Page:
In the newsletter: Amanda Parris at Queen & Slim's Toronto premiere
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Hi, art lovers!
So, at least one of us had an incredible week.
If you follow Amanda Parris (CBC Arts!!!) on Instagram, you've already seen this photo from the Toronto premiere of Queen & Slim. That's director Melina Matsoukas on the left ("Formation"!!!) and screenwriter Lena Waithe on the right (The Chi!!!).
And if you were wondering why Amanda was thanking them for "all the inspiration" in her post, look no further than this lengthy video interview. Earlier that day, the filmmakers dropped by CBC's Glenn Gould Studio to talk about the movie.
And because we promised you eye candy
That pattern is by Jenn Kitagawa, an artist/designer we've featured before, but the reason I'm sharing it is because it's being printed on fabric for the Furoshiki project, which runs at Toronto's Samara Contemporary to Dec. 6.
So, about furoshiki cloth: in Japan, there's a tradition of wrapping items, including gifts, in the stuff...which is really beautiful. And if you're looking for ways to live a little less like a trash factory, anything reusable is definitely appealing.
While I'm on this kick, here's another furoshiki design by Kendra Yee...
And this one's by Jill Holmberg.
Was your favourite part of high school biology the bit where you got to draw diagrams of cells? I'm guessing Rogan Brown would relate. (But he makes these out of cut paper.)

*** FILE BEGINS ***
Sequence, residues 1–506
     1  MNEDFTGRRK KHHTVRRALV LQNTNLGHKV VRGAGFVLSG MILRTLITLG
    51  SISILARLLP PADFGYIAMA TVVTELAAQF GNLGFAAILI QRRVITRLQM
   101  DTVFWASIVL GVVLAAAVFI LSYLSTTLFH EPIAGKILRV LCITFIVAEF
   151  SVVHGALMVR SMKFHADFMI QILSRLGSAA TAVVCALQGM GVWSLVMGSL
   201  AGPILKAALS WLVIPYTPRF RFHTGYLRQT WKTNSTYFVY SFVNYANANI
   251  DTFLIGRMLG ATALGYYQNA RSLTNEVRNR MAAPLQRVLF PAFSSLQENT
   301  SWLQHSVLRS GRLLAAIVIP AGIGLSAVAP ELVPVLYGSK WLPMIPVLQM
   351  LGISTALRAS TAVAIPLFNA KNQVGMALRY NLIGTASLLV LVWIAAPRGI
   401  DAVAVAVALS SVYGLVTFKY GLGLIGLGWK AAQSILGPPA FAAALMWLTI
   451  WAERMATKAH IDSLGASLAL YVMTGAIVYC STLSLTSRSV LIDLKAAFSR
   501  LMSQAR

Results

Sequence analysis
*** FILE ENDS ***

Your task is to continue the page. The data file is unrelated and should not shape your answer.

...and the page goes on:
When Vogue filmed one of their "73 Questions" segments with Dan Levy, the Schitt's Creek star called Kris Knight his favourite (Canadian) artist. (Um...yes, I'll take that excuse to share the painting in the video.)
You've got to see this
The CBC Arts holiday gift guide - Nothing beats a handmade present — especially when the person who made it's a pro. Shop unique items by the Canadian artists we've featured right here.
Art and HIV in 2019 - December 1st is World AIDS Day, which prompted this piece, a survey of five Canadian artists who address the current realities of HIV. The disease is no longer a death sentence, but their art explores the many unspoken issues that persist.
There's an enchanted fairy village in Ontario?! - Yes. Yes, there is. And Edna Scott is the woman who created it. Now 82, Edna's been an artist her whole life — and since she's the kind of person who always has to have a project, she started making pixie-sized buildings with the help of her ceramicist sister, Pat Stamp. We drop in on the duo and explore Edna's North Bay fantasyland.
Follow this artist
Charlotte Durnford-Dionne (@chuck__rose) - A recent Toronto transplant, Charlotte's been getting to know her new city by drawing all over it. We joined her on a bike trip to all her favourite places. Take a look.
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Until next week!
XOXO, CBC Arts